In talking the talk, in truth and in charity, with force and with wit, so that others can enter the great conversation over the “oughts” of our common life, the religious right can make a signal contribution to the reclothing of the naked public square in America. And in doing that, it will be serving the Lord who stands in judgment on all the works of our hands, but most especially on our politics. For orthodox Christians politics is, or ought to be, penultimate. Talking the talk in the terms suggested here helps keep politics in its place: and that, too, is no mean contribution to the reconstruction of civil society in America at the end of the twentieth century.

*The White House, Office of the Press Secretary, “Remarks by the President at Signing Ceremony for the Religious Freedom Restoration Act,” November 16, 1993. President Clinton’s comments on this and other occasions are in sharp contrast to the discomforts that President Bush experienced in publicly acknowledging religious faith. Some will attribute this, and not without reason, to the cultural differences between Kennebunkport Episcopalians and Little Rock Baptists. But even Bush’s most ardent admirers would have to concede that he was, to put it bluntly, terrified by the “religion issue,”which he seemed to regard as an expression of that “right-wing agenda” stuff he reportedly deplored. Most memorably, during the 1988 primaries, Bush, asked to recall what he was thinking about when he was floating alone in the Pacific after his plane had been shot down by the Japanese, replied that he had thought about “Mom and Dad, about our country, about God . . . and about the separation of church and state.”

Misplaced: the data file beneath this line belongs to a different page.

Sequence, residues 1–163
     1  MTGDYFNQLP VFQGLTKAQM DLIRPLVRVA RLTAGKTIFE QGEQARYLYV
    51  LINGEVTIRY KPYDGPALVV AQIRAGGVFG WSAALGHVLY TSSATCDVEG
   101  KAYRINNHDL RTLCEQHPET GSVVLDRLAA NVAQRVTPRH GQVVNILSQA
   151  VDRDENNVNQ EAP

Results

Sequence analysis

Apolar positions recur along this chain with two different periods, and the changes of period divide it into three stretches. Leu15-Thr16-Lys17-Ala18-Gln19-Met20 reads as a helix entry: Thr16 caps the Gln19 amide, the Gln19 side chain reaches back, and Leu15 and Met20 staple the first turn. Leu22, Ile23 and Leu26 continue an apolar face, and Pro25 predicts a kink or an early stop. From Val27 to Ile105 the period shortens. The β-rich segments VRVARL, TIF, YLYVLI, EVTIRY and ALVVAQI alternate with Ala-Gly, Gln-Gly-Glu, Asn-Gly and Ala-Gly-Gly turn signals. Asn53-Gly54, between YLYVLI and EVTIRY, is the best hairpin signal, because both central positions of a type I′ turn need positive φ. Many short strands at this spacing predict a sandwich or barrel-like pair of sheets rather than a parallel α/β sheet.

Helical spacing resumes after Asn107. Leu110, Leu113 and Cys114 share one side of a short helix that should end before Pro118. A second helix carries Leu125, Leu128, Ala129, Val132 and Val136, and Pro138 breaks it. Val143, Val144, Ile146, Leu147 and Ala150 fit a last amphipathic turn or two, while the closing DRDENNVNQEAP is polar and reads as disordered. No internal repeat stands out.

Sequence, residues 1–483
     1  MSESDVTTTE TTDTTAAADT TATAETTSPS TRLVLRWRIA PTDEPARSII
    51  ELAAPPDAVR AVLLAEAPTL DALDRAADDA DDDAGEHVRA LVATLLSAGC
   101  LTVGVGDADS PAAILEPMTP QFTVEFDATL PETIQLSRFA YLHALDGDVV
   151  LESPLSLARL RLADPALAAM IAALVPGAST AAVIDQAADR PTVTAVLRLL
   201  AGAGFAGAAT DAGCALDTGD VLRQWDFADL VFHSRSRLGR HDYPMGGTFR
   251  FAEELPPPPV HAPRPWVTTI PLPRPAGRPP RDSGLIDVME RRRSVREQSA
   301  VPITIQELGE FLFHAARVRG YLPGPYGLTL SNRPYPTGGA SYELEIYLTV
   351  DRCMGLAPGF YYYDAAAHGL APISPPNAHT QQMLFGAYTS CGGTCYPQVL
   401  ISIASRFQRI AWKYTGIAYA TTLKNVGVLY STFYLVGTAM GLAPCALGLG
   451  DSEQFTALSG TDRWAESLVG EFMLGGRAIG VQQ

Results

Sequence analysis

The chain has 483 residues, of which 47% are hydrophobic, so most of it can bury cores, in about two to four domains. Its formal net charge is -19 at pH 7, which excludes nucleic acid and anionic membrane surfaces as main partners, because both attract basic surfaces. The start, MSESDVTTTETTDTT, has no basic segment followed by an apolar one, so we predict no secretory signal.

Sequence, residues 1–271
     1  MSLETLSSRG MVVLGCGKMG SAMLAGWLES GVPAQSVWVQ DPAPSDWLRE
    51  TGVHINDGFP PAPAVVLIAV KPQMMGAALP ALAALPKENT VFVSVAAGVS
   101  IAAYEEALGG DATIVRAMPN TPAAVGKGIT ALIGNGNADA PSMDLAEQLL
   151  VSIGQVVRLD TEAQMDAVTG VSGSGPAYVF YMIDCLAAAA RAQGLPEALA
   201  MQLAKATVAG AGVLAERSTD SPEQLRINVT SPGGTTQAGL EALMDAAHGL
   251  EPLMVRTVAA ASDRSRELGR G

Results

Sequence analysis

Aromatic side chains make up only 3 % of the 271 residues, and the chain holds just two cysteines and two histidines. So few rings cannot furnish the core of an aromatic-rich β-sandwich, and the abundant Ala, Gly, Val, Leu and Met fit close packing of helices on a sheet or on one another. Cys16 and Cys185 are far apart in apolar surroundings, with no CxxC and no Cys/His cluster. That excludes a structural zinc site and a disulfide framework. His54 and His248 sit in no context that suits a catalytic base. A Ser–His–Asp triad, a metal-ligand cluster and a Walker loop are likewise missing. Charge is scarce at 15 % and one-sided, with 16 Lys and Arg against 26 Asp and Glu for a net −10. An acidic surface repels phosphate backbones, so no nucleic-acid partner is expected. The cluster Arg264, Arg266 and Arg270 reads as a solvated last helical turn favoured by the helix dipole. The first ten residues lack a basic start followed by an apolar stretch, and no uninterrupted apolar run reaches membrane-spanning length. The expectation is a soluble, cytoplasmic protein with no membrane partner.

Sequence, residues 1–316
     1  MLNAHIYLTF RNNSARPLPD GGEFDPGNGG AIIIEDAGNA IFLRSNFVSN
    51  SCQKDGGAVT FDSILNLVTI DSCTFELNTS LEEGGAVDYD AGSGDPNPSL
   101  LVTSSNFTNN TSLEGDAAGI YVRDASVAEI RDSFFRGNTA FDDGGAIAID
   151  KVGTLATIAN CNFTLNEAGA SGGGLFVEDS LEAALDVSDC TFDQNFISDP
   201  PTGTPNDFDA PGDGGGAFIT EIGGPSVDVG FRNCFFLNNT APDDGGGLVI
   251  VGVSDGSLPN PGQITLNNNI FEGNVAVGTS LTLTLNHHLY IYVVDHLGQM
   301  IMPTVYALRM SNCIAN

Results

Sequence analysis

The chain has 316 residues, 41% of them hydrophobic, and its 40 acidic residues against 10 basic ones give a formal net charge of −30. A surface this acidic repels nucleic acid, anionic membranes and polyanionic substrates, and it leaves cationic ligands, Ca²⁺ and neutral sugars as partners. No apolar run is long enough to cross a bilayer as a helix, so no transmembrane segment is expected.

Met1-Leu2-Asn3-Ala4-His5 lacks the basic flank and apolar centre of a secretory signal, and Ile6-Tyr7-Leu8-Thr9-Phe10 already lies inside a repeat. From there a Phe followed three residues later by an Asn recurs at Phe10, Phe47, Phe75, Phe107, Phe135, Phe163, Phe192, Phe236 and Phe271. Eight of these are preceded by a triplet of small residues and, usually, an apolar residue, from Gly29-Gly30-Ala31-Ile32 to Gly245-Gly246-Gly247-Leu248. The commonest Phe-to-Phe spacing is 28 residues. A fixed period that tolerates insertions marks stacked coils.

George Weigel, author most recently of Final Revolution, is President of the Ethics and Public Policy Center in Washington, D.C. An earlier version of this essay was presented last December at a conference sponsored by EPPC on “The Religious New Right: The 1992 Campaign and Beyond.”